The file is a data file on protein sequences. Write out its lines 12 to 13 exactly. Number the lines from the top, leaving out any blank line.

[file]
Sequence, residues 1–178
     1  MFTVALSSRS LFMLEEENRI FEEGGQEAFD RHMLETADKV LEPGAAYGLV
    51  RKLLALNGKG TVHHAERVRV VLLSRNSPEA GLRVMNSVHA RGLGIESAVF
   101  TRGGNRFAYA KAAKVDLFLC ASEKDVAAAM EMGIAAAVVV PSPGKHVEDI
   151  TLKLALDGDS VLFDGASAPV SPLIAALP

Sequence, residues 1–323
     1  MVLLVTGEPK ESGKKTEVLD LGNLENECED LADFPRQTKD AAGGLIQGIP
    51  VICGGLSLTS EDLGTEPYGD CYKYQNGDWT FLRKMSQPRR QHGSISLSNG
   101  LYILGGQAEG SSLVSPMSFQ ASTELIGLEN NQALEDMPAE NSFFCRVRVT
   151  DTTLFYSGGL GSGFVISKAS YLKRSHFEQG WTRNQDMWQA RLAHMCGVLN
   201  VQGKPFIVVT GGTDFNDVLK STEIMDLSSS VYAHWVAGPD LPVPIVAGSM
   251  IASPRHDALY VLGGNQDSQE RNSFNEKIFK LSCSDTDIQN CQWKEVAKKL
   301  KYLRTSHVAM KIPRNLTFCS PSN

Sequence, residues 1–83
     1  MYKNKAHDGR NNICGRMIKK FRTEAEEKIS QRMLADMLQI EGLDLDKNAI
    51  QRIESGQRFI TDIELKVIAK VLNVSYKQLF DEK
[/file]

   251  IASPRHDALY VLGGNQDSQE RNSFNEKIFK LSCSDTDIQN CQWKEVAKKL
   301  KYLRTSHVAM KIPRNLTFCS PSN